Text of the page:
Although most political pundits have dismissed Alliance for Progressives’ chances in the up-coming general elections, the purple party’s members are confident of a positive impact.

Indeed, the party’s candidate for Tlokweng, Chris Kgothe Oupa Bogatsu believes AP will secure at least 10 of the 57 constituencies up for grabs.

Although Bogatsu concedes his party is unlikely to obtain overall power, he is adamant AP will play a decisive role in the battle between Botswana Democratic Party (BDP) and Umbrella for Democratic Change (UDC).

The Voice Staffer, DANIEL CHIDA caught up with the new entrant this week, with Bogatsu stressing his intention to help the Batlokwa reclaim their land.

What can you say about your opponents in Masego Segokgo of UDC and Thulaganyo Segokgo of BDP?

Segokgo (Masego) is a good friend of mine and I used to give him advice on issues affecting Batlokwa but I could see he has other priorities.

Before being voted he came with the UDC President, Duma Boko and Boko told people that he was going to take his gowns and represent Batlokwa in court seeking the land back.

But since then there has been no attempt to do that.

He lied about representing us and we have lost faith in him and his movement.

You can see that some people do change once they get to parliament!

During the 2014 elections, Tlokweng constituency was allocated to Botswana National Front and they owe us an explanation on how they arrived at electing a person of his caliber to represent us. I campaigned for him but now feel guilty.

With the BDP candidate there is nothing worthy to talk about because his party failed us in many cases and we are short of land because of them.

Your journey to parliament has become even trickier with the emergence of the Botswana Patriotic Front (BPF), which is working on securing an affiliation with the UDC and has the backing of former President, Ian Khama. Your thoughts?

BPF’s affiliation with the UDC will do more damage because Khama is one of those we want our land back from.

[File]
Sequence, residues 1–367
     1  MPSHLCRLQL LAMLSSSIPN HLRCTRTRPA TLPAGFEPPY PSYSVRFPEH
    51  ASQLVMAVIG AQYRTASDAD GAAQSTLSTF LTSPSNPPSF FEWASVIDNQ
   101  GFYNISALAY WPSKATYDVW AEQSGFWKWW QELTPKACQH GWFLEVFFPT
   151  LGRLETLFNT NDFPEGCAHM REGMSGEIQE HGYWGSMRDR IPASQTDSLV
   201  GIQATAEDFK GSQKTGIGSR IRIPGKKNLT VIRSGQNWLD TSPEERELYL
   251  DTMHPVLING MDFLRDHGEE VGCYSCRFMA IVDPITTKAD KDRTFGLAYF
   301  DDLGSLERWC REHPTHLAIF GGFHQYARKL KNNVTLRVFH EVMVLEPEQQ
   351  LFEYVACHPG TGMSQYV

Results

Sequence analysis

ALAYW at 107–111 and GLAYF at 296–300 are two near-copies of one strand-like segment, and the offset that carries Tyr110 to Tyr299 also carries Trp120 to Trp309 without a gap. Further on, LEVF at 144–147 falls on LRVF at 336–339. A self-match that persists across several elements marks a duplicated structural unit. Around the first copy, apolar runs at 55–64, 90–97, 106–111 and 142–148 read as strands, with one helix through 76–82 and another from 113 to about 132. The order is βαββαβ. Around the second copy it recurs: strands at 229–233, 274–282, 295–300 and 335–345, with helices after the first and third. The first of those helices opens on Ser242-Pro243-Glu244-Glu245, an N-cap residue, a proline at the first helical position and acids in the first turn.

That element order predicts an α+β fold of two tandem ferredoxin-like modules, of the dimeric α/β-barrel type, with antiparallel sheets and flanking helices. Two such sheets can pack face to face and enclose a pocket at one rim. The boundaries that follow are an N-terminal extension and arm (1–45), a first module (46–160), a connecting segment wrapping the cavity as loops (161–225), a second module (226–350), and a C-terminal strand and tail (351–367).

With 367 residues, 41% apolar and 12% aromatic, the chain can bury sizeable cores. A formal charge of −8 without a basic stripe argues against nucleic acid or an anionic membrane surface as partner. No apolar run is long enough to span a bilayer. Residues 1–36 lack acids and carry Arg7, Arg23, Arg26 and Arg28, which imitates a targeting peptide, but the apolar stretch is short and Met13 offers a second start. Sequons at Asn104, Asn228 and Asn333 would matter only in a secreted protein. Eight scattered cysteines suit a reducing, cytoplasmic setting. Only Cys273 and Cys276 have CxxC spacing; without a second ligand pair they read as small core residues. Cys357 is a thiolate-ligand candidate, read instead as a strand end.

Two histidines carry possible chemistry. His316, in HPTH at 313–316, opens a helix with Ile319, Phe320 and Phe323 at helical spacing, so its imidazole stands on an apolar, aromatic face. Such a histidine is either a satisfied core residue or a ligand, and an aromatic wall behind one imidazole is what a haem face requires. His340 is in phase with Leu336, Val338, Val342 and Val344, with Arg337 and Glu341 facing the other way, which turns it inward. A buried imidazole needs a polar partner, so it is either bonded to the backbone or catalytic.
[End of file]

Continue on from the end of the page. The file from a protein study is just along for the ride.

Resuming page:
The Ruretse land that he is staying at belongs to us Batlokwa and so there is no how Segokgo is going to advocate for that land to be taken back from his coalition partner. I am having a manifesto for Tlokweng.

Kindly share it with our readers.

I want to see a new and progressive Tlokweng.

I am going to advocate for the return of the three farms of Batlokwa currently held by the government and it will enable the Tlokweng Development Trust to build a Trans Frontier Park joining the Madikwe Game Reserve.

Getting the land back will alleviate the problems of plots allocation in Tlokweng.

I am going to advocate for the return of two other farms in the hands of individuals and also review the Batlokwa Title Deed no 549 with government.

Remember there is also Ruretse, which is in the hands of the Khama family although it belongs to us!

Politicians have a tendency of talking big before elections but then failing to deliver on their promises once voted into power. Why should we believe you will be any different?

I have a track record to show and have worked well in developing the community despite not holding any special position.

I have been acting as an advisory for the Tlokweng Trust, helping them to commercialise all our properties and turn their arms of business into profit generating entities.

I have also found an investor to partner with the Trust to develop a mall with a stadium and develop 260 apartments in Sefhoke.


I also assisted the Trust register all their plots, of which they now have in their hands, title deeds and certification.

Working together with the community, I introduced the ‘Adopt a School’ program by business entities in Tlokweng.

I assisted and provided an advisory role in the implementation of the Tlokweng Master Plan.

With all that you can see I stand a better chance than other candidates.

I hear you. Nevertheless, your party seems to be lacking that killer punch that attracts people to its rallies, an example being the poorly attended launch for Gaborone South.

Yes I agree with you that we are not doing enough.

The Gaborone South (candidate launch) was well planned but we didn’t attract the crowd we had expected.

We don’t have funds to bring artists who can attract more people so we prefer house-to-house than hosting festivals.

We are sending a strong message to the people, not entertainment.

We are working on different strategies to go to the people and some of those strategies will be revealed as we head closer to elections.

With the current political scenario, how do you see the general elections going?

We are not going to have an outright party that brings 29 seats and we as AP will be the deciding factor.

I don’t know whether UDC will be there during elections but we are the deciding factor.

With 10 or more constituencies we will be the deciding factor!

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